The first class of the new FDNY High School for Fire and Life Safety has completed its freshman year, taking on a regular high school curriculum plus courses in fire and life safety taught by retired FDNY firefighters.
FDNY spokeswoman Virginia Lam said the school is part of the fire department's initiative to diversify their staff by exposing minority students to potential careers in the fire department.
The school was created last year through the city's Small Schools Initiative, Lam said, designed to improve troubled schools by breaking them into smaller, specialized schools. The FDNY school is housed within Thomas Jefferson High School in east Brooklyn, along with three other new schools for civil rights, performing arts and technology, and health advocacy.
The FDNY students have different battalions within their school and wear uniforms like the FDNY work uniform, Lam said.
"The overarching theme of the school is 'Fire Department' and the different tenets that we work by; honor, bravery, and hard work ethic," she said.
Lam said the class is 100 percent minority, and comprised of students who are interested in the fire service, but who generally don't have family members in the department or any personal knowledge of the fire service.
All of the students get certified in CPR, and most participate heavily in the FDNY's Explorers program. They also train as young "fire safety ambassadors," Lam said, in order to help the department during fire prevention week. The students visited high schools, middle schools and elementary schools to give presentations to other students on fire escape planning, first aid, and safety.
Despite their specialized education, however, the students will not be recruited directly into the FDNY after they graduate.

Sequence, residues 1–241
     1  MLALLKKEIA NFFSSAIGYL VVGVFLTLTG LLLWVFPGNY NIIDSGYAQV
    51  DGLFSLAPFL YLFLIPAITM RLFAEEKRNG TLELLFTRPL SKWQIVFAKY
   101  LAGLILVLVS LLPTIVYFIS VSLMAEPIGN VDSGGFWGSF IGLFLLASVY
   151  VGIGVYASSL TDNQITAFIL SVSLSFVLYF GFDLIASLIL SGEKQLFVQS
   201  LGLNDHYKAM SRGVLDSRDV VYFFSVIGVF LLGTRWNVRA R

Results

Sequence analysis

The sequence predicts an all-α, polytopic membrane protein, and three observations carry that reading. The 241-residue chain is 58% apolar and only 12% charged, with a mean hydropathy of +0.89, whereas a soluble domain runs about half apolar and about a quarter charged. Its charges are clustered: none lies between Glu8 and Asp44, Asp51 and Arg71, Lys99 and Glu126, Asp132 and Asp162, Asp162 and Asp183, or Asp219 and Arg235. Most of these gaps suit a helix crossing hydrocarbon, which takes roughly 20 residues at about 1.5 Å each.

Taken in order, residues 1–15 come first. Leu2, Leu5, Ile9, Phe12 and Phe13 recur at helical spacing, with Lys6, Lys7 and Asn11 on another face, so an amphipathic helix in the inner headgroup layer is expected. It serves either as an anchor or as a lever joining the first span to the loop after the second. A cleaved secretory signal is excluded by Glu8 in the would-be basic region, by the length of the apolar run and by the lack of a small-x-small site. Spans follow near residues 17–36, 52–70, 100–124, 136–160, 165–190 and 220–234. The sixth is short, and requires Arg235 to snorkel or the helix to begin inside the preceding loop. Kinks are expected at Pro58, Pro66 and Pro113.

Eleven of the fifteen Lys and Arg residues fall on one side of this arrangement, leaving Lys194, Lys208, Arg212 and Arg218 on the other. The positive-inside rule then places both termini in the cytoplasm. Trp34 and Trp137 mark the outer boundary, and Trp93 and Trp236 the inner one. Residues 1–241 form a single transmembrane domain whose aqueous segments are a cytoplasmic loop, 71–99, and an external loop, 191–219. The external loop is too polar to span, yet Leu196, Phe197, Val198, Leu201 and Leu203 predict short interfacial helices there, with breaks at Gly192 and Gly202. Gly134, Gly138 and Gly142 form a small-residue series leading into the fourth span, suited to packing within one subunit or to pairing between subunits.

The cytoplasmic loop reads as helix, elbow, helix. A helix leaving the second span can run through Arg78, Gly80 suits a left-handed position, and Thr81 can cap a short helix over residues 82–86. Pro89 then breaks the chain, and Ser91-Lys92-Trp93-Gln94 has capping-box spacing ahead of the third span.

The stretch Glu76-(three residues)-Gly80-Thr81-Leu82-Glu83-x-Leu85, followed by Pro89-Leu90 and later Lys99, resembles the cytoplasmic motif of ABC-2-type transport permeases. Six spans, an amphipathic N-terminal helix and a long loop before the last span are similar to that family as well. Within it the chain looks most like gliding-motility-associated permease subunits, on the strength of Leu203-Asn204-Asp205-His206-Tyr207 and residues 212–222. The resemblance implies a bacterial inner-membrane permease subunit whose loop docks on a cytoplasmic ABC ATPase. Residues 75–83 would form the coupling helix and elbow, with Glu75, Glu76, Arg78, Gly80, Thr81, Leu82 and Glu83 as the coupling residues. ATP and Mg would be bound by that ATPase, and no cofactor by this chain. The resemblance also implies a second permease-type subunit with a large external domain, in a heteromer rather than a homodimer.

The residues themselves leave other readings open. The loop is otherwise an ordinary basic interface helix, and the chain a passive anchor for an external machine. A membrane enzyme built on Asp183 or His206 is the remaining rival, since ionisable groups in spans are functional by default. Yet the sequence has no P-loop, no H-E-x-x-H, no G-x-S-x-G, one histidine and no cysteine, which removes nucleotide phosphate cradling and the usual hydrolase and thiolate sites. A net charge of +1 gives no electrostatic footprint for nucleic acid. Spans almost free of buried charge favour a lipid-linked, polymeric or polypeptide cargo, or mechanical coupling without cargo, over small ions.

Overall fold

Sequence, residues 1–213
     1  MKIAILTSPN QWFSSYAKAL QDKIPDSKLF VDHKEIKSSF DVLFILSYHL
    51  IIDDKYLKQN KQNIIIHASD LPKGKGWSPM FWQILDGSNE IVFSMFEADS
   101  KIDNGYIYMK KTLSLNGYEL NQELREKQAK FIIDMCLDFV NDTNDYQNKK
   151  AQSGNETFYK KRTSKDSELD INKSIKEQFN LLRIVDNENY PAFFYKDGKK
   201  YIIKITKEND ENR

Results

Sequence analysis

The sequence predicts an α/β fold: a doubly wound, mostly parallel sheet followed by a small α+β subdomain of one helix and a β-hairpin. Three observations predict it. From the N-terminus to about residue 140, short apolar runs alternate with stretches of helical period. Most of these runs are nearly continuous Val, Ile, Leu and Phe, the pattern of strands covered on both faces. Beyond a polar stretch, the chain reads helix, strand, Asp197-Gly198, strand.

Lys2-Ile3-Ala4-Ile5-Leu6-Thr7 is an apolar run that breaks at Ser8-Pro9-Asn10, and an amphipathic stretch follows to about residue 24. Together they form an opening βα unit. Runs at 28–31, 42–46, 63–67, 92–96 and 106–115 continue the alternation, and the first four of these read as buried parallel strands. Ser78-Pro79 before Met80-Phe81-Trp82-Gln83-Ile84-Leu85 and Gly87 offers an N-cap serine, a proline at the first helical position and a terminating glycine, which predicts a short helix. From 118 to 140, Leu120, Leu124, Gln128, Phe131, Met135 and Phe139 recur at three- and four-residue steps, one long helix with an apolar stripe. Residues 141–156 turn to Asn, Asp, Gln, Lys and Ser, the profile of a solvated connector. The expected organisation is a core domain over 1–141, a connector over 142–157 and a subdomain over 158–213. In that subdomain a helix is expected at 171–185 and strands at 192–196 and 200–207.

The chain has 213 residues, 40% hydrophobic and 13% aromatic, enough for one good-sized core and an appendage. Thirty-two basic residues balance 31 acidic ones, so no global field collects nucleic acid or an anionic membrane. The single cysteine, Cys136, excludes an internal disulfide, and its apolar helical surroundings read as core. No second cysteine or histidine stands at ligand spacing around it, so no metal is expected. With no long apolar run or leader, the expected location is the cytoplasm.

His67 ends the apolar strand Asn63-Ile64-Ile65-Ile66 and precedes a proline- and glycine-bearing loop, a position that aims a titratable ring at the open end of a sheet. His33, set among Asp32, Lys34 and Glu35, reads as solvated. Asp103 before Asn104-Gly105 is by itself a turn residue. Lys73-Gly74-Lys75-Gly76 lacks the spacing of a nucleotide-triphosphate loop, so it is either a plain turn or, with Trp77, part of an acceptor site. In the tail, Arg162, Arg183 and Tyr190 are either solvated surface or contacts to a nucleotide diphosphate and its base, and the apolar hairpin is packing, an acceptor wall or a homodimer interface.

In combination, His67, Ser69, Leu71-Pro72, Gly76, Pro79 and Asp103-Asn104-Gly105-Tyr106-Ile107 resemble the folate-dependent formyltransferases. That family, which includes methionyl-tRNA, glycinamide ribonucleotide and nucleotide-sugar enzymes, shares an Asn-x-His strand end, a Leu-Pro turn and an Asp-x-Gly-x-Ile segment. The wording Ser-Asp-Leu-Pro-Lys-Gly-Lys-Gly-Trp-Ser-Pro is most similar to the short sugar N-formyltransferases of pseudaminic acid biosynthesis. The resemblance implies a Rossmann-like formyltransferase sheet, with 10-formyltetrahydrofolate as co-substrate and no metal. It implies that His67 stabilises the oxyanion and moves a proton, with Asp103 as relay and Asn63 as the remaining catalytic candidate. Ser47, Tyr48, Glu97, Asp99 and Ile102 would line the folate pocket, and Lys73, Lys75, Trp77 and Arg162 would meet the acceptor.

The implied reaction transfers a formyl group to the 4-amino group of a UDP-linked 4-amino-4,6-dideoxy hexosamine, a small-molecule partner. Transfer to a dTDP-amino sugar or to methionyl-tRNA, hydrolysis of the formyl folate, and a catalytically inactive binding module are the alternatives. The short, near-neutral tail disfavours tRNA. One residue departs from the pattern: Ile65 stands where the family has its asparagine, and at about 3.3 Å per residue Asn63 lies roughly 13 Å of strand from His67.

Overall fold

School Principal Raymond Palmer said the goal is to prepare the students for college or to take civil service exams. He said they will also have the opportunity to become EMT-certified when they turn 18. The students can not immediately proceed into firefighting because the FDNY requires a minimum of 30 college credits, he said.
"Our aim is to academically prepare them for college, and we hope they will then look at the fire department or joining on the civilian side," Palmer said. "We explain that they can be involved with the department in other ways as accountants, lawyers, and doctors," he said.
Although the school is diverse, it is mostly male. This year's freshman class consisted of 92 students; 23 young women and 69 young men, Palmer said. Next year's class will be larger, at 126, with 93 men and 33 women.
Palmer said competition for the school is high, and that the new class of 126 was selected from 775 applicants. The students apply through the city's high school enrollment process, which includes 12 other choices of specialized schools, and a match is made between each student and the schools that accept them.
The school plans to fill up over the next few years with 400-500 students in grades nine through twelve.
After the school's grand opening last September, Fire Commissioner Nicholas Scoppetta said in a prepared statement, "The FDNY High School is a critical step towards helping introduce the Fire Department to young men and women as a potential career choice. Regardless of whether or not they pursue careers in the fire department, these students will have a solid educational foundation instilled with an unwavering sense of integrity, honor and duty -- all tenets of the fire department."
Palmer said the response from students, staff and firefighters after this first year has been overwhelmingly positive.
"We are excited about the second year," he said. "We look forward to continuing the mission, which is to ensure our kids not only receive the best possible education, but to go out and help their community."